Carl(os) Roa

Carl(os) Roa

Carl(os) Roa is a creator, writer, performer, organizer, juicy Colombian bear, and effusive Miami transplant. A proud alumni of the Headlong Performance Institute and Drexel University, (os)’ work explores the marginalized within the marginalized, and child-like revelry in performance. They are also a third-year member of the Foundry at PlayPenn: a playwriting group that is guided by the mentorship of Keelay...
Carl(os) Roa is a creator, writer, performer, organizer, juicy Colombian bear, and effusive Miami transplant. A proud alumni of the Headlong Performance Institute and Drexel University, (os)’ work explores the marginalized within the marginalized, and child-like revelry in performance. They are also a third-year member of the Foundry at PlayPenn: a playwriting group that is guided by the mentorship of Keelay Gipson and LM Feldman.

They’ve worked with numerous artistic organizations in Philadelphia, including The Wilma Theater, Philadelphia Young Playwrights, Taller Puertorriqueño, First Person Arts, Philadelphia Artists’ Collective, The Painted Bride, and Swim Pony Performing Arts. They are currently a contributing writer for HowlRound Theatre Commons and American Theatre Magazine, and have written other publications such as Artblog.

Previous projects include: From Beneath, It Lurks, a play they wrote alongside local Philly directors Adrienne Mackey and Bradley Wrenn; Andean Mountains, which was self-produced and the recipient of a residency provided by FringeArts and received its world premiere at Taller Puertorriqueño. Their latest project was called Spanish For Estranged Latin Kids: an exploration of culture loss disguised as a TED talk that premiered at Circle of Hope.

Plays

  • Pase Lo Que Pase (I Will Always Find You)
    Fátima lives in Tegucigalpa, where she must fight for her life every single day. Guillermo lives in Bogotá, where he is told repeatedly that he does not belong. They both find two halves of an ancient, sentient map that compels them to take a journey to meet each other. But what starts out as a mystic quest turns out to be a horrific nightmare. Pase Lo Que Pase explores the question: what does it mean to be terrified of your own culture?
  • Spanish For Estranged Latin Kids
    You are cordially invited to our special seminar: Spanish For Estranged Latin Kids. Destiny y Pancho are very excited to present their culture to you, as they’re highly qualified cultural mavens who know what they’re talking about. Join us as we educate you about some very important concepts regarding the subject of Latin culture, in a perfectly safe environment where nothing will go awry. This seminar on...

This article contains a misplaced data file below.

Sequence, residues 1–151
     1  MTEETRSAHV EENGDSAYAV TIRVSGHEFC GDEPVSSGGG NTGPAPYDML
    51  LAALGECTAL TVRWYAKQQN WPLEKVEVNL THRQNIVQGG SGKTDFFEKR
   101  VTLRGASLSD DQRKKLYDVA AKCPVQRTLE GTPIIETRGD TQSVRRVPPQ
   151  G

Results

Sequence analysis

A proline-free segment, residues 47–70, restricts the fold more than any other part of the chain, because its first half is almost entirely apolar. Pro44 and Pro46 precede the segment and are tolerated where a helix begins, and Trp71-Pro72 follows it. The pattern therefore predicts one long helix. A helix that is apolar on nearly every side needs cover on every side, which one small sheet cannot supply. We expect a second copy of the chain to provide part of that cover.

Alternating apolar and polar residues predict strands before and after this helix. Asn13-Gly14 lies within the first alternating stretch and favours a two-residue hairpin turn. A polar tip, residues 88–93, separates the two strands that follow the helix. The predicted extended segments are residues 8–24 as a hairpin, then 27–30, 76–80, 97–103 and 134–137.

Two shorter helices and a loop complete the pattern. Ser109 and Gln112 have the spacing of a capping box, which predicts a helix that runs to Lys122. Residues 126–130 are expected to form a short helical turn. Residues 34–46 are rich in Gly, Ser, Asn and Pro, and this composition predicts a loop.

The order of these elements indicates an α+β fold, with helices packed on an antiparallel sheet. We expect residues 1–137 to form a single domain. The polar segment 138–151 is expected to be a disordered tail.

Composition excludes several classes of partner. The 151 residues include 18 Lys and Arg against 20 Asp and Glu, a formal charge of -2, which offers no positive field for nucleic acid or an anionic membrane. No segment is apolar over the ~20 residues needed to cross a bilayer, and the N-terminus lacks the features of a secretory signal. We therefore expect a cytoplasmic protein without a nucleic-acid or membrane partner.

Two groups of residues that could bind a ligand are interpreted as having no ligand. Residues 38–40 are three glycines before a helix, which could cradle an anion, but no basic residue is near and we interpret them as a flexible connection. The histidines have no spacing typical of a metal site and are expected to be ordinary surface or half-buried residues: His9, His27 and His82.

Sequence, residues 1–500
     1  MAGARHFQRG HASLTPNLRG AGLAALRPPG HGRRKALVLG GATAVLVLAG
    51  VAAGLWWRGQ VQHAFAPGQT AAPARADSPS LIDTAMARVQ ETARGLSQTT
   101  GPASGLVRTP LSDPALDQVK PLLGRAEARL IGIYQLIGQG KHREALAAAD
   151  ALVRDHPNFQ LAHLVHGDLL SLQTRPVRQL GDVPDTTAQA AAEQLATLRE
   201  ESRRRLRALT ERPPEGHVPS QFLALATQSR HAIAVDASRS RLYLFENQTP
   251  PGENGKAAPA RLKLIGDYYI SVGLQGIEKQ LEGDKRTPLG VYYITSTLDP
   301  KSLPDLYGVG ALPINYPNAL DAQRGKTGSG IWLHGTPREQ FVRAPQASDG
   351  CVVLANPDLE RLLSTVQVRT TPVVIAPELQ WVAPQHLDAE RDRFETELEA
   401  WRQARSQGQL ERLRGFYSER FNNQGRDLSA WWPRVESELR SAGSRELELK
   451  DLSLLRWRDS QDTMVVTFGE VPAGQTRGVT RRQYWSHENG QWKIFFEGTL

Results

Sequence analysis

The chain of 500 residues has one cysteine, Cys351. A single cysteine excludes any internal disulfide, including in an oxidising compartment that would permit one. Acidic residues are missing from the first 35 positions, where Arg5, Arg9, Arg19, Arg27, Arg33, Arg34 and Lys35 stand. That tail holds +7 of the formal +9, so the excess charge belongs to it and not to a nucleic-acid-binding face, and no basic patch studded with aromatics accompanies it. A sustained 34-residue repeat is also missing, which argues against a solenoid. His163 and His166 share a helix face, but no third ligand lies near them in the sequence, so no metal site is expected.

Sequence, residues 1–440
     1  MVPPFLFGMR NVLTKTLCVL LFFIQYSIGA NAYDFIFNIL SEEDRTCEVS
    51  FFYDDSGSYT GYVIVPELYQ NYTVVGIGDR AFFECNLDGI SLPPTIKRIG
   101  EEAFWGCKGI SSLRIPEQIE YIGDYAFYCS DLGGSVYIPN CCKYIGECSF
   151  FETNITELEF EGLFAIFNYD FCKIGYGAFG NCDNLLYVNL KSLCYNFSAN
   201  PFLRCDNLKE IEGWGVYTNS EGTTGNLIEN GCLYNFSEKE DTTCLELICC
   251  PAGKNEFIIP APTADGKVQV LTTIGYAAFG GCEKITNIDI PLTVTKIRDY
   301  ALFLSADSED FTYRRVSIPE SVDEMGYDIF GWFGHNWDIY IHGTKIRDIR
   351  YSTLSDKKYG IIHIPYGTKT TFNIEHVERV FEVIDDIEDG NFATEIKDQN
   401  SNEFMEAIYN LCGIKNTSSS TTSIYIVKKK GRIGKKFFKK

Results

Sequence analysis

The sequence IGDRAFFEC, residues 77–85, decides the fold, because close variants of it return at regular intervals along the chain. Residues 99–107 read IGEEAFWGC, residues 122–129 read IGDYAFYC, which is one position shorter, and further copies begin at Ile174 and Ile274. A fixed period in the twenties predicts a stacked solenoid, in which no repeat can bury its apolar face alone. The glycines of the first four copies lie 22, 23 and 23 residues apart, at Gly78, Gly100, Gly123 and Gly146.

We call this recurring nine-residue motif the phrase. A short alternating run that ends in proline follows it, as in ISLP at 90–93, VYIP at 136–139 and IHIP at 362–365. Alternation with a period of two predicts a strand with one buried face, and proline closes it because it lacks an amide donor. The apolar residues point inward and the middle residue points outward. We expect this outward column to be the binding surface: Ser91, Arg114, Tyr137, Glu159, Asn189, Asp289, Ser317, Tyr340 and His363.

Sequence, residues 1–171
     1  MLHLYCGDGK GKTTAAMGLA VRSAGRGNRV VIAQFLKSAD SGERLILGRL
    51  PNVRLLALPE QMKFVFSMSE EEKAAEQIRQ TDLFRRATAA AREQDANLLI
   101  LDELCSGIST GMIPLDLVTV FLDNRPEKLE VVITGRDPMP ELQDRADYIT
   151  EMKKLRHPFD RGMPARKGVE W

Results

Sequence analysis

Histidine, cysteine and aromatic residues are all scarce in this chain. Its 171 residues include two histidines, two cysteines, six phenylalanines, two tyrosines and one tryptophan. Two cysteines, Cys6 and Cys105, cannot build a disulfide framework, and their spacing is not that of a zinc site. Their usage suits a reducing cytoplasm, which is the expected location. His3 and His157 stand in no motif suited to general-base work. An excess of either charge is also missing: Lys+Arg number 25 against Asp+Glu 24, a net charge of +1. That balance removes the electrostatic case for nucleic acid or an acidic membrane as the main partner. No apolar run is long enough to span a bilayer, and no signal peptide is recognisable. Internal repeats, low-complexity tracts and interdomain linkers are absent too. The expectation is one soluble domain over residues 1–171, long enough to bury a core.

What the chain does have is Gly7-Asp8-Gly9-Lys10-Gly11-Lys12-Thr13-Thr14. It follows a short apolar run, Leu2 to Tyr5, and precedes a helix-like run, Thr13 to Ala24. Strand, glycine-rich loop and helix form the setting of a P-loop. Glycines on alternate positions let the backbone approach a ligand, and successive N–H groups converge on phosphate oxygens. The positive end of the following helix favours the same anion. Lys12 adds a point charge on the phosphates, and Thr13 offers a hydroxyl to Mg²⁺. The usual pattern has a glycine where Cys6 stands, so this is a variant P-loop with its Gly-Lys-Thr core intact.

You are cordially invited to our special seminar: Spanish For Estranged Latin Kids. Destiny y Pancho are very excited to present their culture to you, as they’re highly qualified cultural mavens who know what they’re talking about. Join us as we educate you about some very important concepts regarding the subject of Latin culture, in a perfectly safe environment where nothing will go awry. This seminar on Spanish For Estranged Latin Kids promises to be a harmless experience devoid of any difficult questions about Who We Are and Where We Come From.
  • Tribe of the Brightest Sun
    Tribe of the Brightest Sun is a piece of trash. It is also a collection of vignettes depicting the existences of Iris, Judy, and Sunshine. They are members of a clan who are perfectly fine with being invisible, and they’ve been at it for as long as they could remember. Within their acropolis of garbage, the three women grapple with their isolation, fake acid tabs, finding beauty within filth, and most...
    Tribe of the Brightest Sun is a piece of trash. It is also a collection of vignettes depicting the existences of Iris, Judy, and Sunshine. They are members of a clan who are perfectly fine with being invisible, and they’ve been at it for as long as they could remember. Within their acropolis of garbage, the three women grapple with their isolation, fake acid tabs, finding beauty within filth, and most importantly: the sun. Combining elements of both theatre and dance, this play reminds us of who lives underneath our bridges, or in our neighborhoods when we’re not watching.
  • Andean Mountains (Montañas Andinas)
    Andean Mountains is about personal geography: the way we relate to our place of origin versus where we’ve relocated. Living in the realm of not-quite-theatre, the piece is both a Google Street View tour as well as an exploration of culture loss. Featuring a performance by a juicy Colombian bear, audiences digitally globetrot to various locations – from sunny Miami to urban Bogotá to rural Caquetá. By visiting...
    Andean Mountains is about personal geography: the way we relate to our place of origin versus where we’ve relocated. Living in the realm of not-quite-theatre, the piece is both a Google Street View tour as well as an exploration of culture loss. Featuring a performance by a juicy Colombian bear, audiences digitally globetrot to various locations – from sunny Miami to urban Bogotá to rural Caquetá. By visiting these locations on Google Maps and comparing them to more familiar territories, we are left with the realization that we are a combination of all the places we’ve lived, not just where we’re from.